• Customizing the HTML editor
  • HTML vs. CSS: which does what?
  • Building the header area
  • Adding the navigation menu
  • Positioning using a float
  • Adding background colors and images
  • Comparing the web page to the graphic design
Subjects:
Web Web Design video2brain
Software:
CSS
Author:
Candyce Mairs

Completing the right-column content

My web page now has the third column, which I'm referencing as the right ID added onto the page. So, here is my right column, which is actually the third column in my design, and within that right column, I now have three images added. What I want to do is add the text content that's going to go below these images within the content area. So I will go ahead and add the remaining content within the right div. I do have that available down in the text right column file.

If I open that up, here is the content to go into the right column. So I'll just copy that from the text right column file, move over to my header, and I'm going to place it directly below those images. So I'll paste it down here. And then I can simply select all five lines, hit the Tab key a couple of times, but notice that when I hit the Tab key, it doesn't always perfectly line up. So, there are ways, in the different editors, to get these to line up. It's just as easy for me to do this real quick to get them lined up. I like to try and keep things as neat as possible, within my code view. So when I open these files up later, I can locate the content in the area I need to modify quickly.

My right div is now complete in terms of the content for that particular column. The other thing I want to do is, you can see that these are pretty spread out. There's no reason to have to scroll so much on the page. What I can do instead is just delete these lines. I'm just putting my cursor in and hitting backspace. Now, you can see if the line is pretty long, it pops over to the right, and that is an Editor Detail. I could go ahead and turn on Word Wrap within CoffeeCup, but I think it's much neater to keep it off, so, you can see the exact tags, right in a line, and see what I'm doing.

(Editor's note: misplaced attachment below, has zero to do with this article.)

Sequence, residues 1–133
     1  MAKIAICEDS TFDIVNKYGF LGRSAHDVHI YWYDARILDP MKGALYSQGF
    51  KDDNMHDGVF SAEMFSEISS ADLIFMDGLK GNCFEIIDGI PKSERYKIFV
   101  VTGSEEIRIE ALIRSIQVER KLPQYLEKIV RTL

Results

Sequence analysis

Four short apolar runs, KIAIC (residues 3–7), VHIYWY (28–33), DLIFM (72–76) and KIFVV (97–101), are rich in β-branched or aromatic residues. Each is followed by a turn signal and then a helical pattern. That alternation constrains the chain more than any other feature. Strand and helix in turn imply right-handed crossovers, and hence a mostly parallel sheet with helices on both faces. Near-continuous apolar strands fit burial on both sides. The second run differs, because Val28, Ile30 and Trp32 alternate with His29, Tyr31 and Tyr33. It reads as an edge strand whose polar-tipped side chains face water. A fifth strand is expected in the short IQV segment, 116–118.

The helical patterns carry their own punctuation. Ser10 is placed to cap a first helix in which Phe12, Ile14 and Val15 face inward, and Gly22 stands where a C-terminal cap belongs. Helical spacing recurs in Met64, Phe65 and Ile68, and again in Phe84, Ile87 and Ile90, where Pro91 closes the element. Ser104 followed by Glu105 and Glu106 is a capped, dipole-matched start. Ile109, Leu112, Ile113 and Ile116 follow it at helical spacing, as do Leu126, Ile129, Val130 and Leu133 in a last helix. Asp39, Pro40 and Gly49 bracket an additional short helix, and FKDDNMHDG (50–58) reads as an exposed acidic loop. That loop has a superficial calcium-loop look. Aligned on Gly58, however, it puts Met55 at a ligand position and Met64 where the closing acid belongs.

I will go up, and I have my right div all set up in terms of the HTML piece. The next step would be to go up and start creating the CSS rules for this piece. But right now I'm focusing on just completing the content within the div. I will save this, and take a look at this in the browser. Let's see what the right div looks like with pure HTML assigned. Now here is my header div, here is my menu div.

My left column, and this column will ultimately go up alongside my menu. So I reference that as the left column. And this is the right column. By default, the images line up alongside one another, because they're spaced. And my text is default size Times font, and goes below the images. What you're looking at is our content within the div.

The div is moving that content down into its own space. And this is all default HTML positioning based on our HTML tags. If I want anything different from how it looks now, I need to move into the CSS rules. But that is a right div, complete with content in it's default view based on our HTML tag setup. It's always best to add the content, take a look at how it is by default in HTML. Before you move into adding any type of CSS to the page. It's difficult to know what you need to do in CSS until you see what HTML has done to your content.

So our right column of content is now all set in HTML.